Mayweather and Khaled agreed to pay multiple fines that have a combined total of more than $750,000. Which won’t exactly break the bank for either the former world’s highest-paid athlete or the superstar music producer, but it’s still plenty steep.
It’s the first time the SEC has charged someone for hyping an initial coin offering on social media.
Floyd Mayweather and DJ Khaled have settled cases brought by the Securities and Exchange Commission alleging that they failed to disclose payments they had received to promote initial cryptocurrency coin offerings (ICOs) on social media.
A press release from the SEC describes their transgressions and punishments.
The SEC’s orders found that Mayweather failed to disclose promotional payments from three ICO issuers, including $100,000 from Centra Tech Inc., and that Khaled failed to disclose a $50,000 payment from Centra Tech, which he touted on his social media accounts as a «Game changer.»
Mayweather’s promotions included a message to his Twitter followers that Centra’s ICO «starts in a few hours. Get yours before they sell out, I got mine…»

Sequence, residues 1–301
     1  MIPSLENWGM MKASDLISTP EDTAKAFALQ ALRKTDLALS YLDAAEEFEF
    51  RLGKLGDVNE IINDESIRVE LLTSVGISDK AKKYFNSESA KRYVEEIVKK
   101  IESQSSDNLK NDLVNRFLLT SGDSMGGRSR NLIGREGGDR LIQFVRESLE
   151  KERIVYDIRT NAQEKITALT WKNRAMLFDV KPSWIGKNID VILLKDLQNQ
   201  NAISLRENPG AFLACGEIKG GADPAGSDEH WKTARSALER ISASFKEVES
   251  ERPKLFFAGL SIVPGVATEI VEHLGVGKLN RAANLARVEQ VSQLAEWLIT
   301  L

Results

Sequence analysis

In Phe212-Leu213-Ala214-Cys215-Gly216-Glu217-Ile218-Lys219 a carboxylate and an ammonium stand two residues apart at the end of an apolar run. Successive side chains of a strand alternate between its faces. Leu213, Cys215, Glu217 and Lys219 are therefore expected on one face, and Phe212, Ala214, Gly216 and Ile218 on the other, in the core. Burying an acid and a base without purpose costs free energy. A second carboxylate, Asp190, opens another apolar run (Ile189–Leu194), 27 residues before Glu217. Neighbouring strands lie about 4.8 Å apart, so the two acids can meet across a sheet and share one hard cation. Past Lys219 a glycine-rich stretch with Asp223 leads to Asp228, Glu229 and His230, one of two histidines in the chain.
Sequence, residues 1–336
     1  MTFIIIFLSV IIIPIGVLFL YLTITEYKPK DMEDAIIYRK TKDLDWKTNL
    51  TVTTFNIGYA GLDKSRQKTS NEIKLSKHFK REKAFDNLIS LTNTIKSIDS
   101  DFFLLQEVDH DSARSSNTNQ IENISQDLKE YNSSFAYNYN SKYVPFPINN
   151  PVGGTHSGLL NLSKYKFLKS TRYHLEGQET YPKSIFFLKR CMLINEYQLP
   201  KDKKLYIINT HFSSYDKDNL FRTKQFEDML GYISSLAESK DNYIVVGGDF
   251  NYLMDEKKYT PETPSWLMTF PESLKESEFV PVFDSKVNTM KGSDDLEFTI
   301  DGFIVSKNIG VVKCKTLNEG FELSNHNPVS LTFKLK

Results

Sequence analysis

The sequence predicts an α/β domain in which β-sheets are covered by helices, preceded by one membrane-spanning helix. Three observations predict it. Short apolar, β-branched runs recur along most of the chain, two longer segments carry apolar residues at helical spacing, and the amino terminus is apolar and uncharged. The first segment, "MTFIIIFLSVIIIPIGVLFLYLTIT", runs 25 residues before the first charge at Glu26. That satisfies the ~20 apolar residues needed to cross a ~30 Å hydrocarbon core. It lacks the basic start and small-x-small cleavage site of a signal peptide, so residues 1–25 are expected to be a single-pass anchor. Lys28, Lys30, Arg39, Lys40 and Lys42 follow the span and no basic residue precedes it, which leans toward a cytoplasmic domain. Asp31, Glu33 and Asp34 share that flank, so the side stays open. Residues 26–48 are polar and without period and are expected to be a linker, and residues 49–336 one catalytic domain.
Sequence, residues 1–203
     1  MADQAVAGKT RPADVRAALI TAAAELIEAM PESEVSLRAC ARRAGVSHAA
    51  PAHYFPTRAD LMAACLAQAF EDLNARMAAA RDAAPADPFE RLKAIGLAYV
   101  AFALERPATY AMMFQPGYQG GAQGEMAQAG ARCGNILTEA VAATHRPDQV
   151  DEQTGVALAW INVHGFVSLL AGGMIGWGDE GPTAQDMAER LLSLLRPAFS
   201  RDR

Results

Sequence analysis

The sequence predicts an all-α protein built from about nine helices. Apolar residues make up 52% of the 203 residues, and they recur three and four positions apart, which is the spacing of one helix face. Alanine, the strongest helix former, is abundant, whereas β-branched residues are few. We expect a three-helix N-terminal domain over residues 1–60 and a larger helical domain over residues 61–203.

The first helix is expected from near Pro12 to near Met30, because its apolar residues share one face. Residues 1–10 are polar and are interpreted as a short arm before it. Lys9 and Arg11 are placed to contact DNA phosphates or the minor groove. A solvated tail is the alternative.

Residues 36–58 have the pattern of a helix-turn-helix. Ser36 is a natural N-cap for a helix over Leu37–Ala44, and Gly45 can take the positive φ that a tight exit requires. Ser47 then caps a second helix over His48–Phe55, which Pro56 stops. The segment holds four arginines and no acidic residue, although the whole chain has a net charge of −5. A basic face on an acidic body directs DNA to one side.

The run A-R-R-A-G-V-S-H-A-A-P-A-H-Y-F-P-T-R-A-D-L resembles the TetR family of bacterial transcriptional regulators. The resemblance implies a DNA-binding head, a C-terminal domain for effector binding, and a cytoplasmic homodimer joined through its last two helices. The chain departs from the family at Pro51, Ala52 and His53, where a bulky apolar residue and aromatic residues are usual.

A post on Mayweather’s Instagram account predicted he would make a large amount of money on another ICO and a post to Twitter said: «You can call me Floyd Crypto Mayweather from now on.» The SEC order found that Mayweather failed to disclose that he was paid $200,000 to promote the other two ICOs.
Mayweather agreed to pay $300,000 in disgorgement, a $300,000 penalty, and $14,775 in prejudgment interest. Khaled agreed to pay $50,000 in disgorgement, a $100,000 penalty, and $2,725 in prejudgment interest.
Centra has been charged separately by the SEC for an allegedly fraudulent initial coin offering. Watch Khaled promote the crypto company’s wallet app below.
As part of their settlement, Mayweather and Khaled agreed not to promote any securities, including digital ones, for three and two years, respectively.
The case is a something of landmark in the world of cryptocurrency, as it’s the first time the SEC has brought charges against individuals for promoting ICOs.
«These cases highlight the importance of full disclosure to investors,» said Enforcement Division Co-Director Stephanie Avakian.
«With no disclosure about the payments, Mayweather and Khaled’s ICO promotions may have appeared to be unbiased, rather than paid endorsements.»
«Investors should be skeptical of investment advice posted to social media platforms, and should not make decisions based on celebrity endorsements,» added Enforcement Division Co-Director Steven Peikin.
«Social media influencers are often paid promoters, not investment professionals, and the securities they’re touting, regardless of whether they are issued using traditional certificates or on the blockchain, could be frauds.»